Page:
"I get to have a very pleasant breakfast-time telephone chat with Moira Brooker, who is probably best-known as Judi Dench's adult daughter on AS TIME GOES BY ...
She greets me by saying, "it's a beautiful Spring morning here in Brighton," where she lives with her husband and three year-old daughter. I then inform her that it is 5:30 a.m. and cold as Hell here in New York. Moria says "Oh..." in a very delicate and sophisticated manner which is probably beyond the range of her fictional creation, "Judith".
Being that it is three days before the Oscars, both of our thoughts are on Dame Dench's chances of winning as Best Actress. Moira, whose hobbies include some light-hearted betting on horse races, tells me that "I loved Mrs. Brown and I'm putting lots of money on Judi. But the rumors in London are that Helen Hunt is a shoo-in for the win. Your know, one American against a field of four Britons."
While neither of us have seen Ms. Hunt in As Good As It Gets, we have both seen the rest of the nominated performances and agree that Dench's Queen Victoria is artistically several furlongs ahead of the others. "Judi is very excited about experiencing the Oscars for the first time," says Brooker, "although she was some what less thrilled by the Golden Globes. We were taping an episode of As Time Goes By... when the Golden Globes were being awarded. Judi totally forgot about the ceremony and it wasn't until the next morning that I found out she had won". As the Oscars approach, Dench is starring in London's West End in a sold-out production of David Hare's new play, Amy's View. Brooker quips that Miramax, which distributes Mrs. Brown, is buying out the theatre where Amy's View is playing "just to make sure that she doesn't forget again."
Brooker expresses surprise when I tell her that As Time Goes By... has achieved great popularity with PBS audiences in the U.S. "I have no idea why that should be the case", is how she puts it. I suggest that viewers may be reacting to traditional family values and the very nice depth of feeling among the fictional characters. Brooker concedes that "the entire cast and crew are like a family with no problems, which may explain the success." PBS audiences are, after all, rather good at reading--or viewing-- between the lines.
I then state my opinion that Brooker & Dench bring an extraordinary lifelife quality to the on-air mother and daughter dynamic. "I never really thought about it," replies Brooker. "Judi's real daughter is quite unlike me." She believes, however, that her physical similarity to Dame Judi undoubtedly had a lot to do with her getting the part. The first episode, after all, centered on the Geoffrey Palmar character recognizing a strong resemblance between Brooker and Dench.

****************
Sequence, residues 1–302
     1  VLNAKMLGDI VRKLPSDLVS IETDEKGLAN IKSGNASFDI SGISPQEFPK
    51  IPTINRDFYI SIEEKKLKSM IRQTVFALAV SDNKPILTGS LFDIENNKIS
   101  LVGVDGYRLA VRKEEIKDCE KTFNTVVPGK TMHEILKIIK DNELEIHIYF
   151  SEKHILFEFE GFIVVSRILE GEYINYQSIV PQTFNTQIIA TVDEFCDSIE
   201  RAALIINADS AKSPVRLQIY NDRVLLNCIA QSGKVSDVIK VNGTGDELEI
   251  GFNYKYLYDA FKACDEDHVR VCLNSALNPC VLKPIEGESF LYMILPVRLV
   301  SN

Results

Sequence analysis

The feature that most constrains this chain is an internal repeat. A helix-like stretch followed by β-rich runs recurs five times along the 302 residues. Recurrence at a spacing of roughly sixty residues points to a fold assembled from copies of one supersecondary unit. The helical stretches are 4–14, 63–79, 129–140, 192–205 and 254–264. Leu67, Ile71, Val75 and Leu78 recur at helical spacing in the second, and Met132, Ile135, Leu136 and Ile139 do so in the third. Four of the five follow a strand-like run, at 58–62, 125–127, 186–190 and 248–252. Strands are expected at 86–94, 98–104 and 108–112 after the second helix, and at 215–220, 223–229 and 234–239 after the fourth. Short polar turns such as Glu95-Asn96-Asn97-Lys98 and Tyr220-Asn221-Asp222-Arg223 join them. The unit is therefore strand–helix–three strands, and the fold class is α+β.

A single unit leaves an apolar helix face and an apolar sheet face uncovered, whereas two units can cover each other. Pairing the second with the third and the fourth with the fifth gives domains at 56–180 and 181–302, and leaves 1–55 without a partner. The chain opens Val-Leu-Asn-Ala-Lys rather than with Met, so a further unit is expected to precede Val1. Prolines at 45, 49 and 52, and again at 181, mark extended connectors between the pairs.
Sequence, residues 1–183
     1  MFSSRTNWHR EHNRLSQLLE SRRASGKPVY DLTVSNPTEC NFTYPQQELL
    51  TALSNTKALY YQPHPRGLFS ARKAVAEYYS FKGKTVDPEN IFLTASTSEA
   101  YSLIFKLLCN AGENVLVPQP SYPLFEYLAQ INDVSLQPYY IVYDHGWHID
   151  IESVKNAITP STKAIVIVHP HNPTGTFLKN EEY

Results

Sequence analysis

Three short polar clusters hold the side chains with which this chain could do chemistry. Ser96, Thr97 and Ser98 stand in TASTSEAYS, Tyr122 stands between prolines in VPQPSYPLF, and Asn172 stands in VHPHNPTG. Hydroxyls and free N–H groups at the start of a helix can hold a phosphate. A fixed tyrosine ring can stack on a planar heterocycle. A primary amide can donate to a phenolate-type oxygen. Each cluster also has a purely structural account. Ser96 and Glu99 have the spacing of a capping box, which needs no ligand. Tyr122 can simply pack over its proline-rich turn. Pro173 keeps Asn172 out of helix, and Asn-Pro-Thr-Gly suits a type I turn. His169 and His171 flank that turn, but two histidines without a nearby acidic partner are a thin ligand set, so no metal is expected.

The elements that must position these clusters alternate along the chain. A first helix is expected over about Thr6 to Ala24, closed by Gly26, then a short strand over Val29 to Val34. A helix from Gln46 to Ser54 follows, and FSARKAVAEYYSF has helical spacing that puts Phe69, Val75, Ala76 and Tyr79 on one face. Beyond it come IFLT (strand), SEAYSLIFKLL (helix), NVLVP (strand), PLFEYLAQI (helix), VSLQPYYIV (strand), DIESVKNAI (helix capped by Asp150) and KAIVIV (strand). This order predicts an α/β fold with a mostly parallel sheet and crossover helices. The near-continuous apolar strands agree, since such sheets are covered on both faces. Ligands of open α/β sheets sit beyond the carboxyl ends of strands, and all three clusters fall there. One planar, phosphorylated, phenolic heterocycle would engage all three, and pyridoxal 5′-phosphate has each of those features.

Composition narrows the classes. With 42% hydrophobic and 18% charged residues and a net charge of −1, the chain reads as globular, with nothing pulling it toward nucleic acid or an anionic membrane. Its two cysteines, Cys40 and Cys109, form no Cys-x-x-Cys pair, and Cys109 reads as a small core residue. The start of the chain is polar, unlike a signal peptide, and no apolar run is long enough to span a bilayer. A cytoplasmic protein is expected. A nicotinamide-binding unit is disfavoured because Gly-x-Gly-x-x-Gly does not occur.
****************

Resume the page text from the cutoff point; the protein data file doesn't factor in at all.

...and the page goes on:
Ironically says Brooker "Many British actors dislike being cast for our looks rather than our talent. We would rather be given a chance to show what we can do." She points out that "When the show began, Judith was a thirty-four year-old, twice-divorced women. But we never met her two husbands. Nor was her divorced status ever given much explanation." Then as the series went on "it seemed that Judith was being written younger and younger."
She does, however, like the way As Time Goes By... has evolved as time has gone by. "In the beginning, it was more comedic--a question of who is going out with who? Now it focuses on different lifestyles between the generations."
In Britain, she states "As Time Goes By..." gets more respect that most situation comedies because it is considered more of a comedy/drama. You can certainly enjoy the show without laughing at all."
When not being Judith, Brooker has recently appeared in another ongoing series, Out Of Sight, "in which I play the mother of an invisible boy." She also recently played a featured role in a French Canadian film called Auld Bob. Asked if As Time Goes By... will continue beyond its thus-far completed seven seasons, Brooker replies that "It's a possibility, but nothing is for sure yet."
The decision, after all, will largely be up to Dame Dench.
Bronwen Jones is a documentary filmmaker currently producing a documentary on TV and Radio in the former Yugoslavia.
Thanks to Dorothy Burgess for posting this article from British Television (Issue #11) to the list in August, 1998 and to Meggie for following that up with the actual article and photos.